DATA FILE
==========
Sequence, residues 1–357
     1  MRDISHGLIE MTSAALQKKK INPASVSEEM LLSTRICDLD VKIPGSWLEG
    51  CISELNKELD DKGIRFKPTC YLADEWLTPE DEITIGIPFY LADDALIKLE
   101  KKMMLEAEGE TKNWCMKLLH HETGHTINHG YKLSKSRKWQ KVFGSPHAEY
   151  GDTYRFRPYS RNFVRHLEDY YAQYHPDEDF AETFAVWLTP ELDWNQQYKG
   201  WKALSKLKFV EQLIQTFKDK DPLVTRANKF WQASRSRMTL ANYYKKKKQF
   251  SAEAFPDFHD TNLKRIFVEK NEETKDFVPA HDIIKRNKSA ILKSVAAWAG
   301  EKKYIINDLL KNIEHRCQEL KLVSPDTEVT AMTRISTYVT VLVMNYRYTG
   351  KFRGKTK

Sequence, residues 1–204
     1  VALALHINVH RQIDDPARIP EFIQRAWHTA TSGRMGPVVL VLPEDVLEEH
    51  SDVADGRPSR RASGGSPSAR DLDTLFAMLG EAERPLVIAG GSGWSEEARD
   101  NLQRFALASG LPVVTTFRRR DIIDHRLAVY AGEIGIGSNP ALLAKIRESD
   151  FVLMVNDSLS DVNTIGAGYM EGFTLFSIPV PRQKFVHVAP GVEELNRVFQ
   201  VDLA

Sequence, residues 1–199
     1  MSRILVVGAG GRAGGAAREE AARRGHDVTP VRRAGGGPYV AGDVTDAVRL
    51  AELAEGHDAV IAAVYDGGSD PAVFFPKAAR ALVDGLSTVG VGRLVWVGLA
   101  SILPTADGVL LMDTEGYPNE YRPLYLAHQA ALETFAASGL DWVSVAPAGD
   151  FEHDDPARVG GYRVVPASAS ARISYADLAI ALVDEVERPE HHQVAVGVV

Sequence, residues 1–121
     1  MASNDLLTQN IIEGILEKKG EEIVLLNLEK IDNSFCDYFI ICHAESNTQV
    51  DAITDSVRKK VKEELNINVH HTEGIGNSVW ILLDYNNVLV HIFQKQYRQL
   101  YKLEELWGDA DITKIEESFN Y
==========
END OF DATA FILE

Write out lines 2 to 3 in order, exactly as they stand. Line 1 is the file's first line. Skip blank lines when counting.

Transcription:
     1  MRDISHGLIE MTSAALQKKK INPASVSEEM LLSTRICDLD VKIPGSWLEG
    51  CISELNKELD DKGIRFKPTC YLADEWLTPE DEITIGIPFY LADDALIKLE